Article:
8.6 Diodes.

8.7 Transistors.

8.8 Integrated Circuits.

8.9 Dielectric Behavior and Capacitors.

What Other Electrical Behaviors Do Some Materials Display?

8.10 Ferroelectric and Piezoelectric Materials.

What Are Optical Properties, and Why Do They Matter?

8.11 Optical Properties.

8.12 Applications of Optical Materials.

9. Biomaterials and Biological Materials.

What Types of Materials Interact with Biological Systems?

9.1 Biomaterials, Biological Materials, and Biocompatibility.

What Biological Materials Provide Structural Support, and What Biomaterials Interact with or Replace Them?

9.2 Structural Biological Materials and Biomaterials.

What Biomaterials Serve a Nonstructural Function in the Body?

9.3 Functional Biomaterials.

What Ethical Issues Are Unique to Biomaterials?

9.4 Ethics and Biomaterials.

Appendix A: Major Producers of Metals and Polymers.

Appendix B: Properties of Major Metals and Alloys.



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The Wiley Advantage

  • It’s practical and applicable. It is our goal for students, after completing the course and using this text, that they are prepared to make informed materials selection decisions.
  • It’s balanced. A variety of materials are presented to provide a broad overview of materials available to engineers.
  • It’s visual. This book strong use of visuals help students understand the concepts better than simply reading about them.
  • Conversational Tone The book is written in a conversational tone, designed to facilitate student learning.  When I piloted the text in my Materials Science class, the anonymous comments from students included statements like “I didn’t need to read it five times to start to understand it.”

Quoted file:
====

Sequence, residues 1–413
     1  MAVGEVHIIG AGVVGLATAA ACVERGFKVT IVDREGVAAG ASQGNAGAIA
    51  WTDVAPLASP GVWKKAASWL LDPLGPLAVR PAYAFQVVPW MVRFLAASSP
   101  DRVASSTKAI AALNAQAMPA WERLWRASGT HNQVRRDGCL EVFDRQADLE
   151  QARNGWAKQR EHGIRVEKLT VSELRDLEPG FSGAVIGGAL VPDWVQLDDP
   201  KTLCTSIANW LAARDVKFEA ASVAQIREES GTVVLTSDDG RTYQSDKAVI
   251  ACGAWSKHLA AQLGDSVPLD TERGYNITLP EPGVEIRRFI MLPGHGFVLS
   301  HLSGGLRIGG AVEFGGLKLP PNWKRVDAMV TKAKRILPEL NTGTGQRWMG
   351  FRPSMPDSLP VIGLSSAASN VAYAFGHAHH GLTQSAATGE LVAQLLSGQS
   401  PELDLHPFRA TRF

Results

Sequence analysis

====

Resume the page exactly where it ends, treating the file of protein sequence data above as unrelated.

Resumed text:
• Learning Objectives: Detailed learning objectives at the beginning of each chapter let the student know the specific goals of the chapter – what should you be able to do if you really understand the material. 
  • Homework Problems: The homework problems at the end of the chapter are a blend of numerical questions (Calculate the tensile strength of a 0.509 in2 beam…) and more open-ended qualitative questions (Compare and contrast the advantages and disadvantages of fillings made from dental composites with those made from amalgam) that require a deeper understanding to answer (and are much harder to copy).
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Essentials of Modern Materials Science and Engineering
ISBN : 978-0-470-47112-8
368 pages
October 2008, ©2009
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Essentials of Modern Materials Science and Engineering
ISBN : 978-0-471-75365-0
368 pages
December 2008, ©2009
$167.95   BUY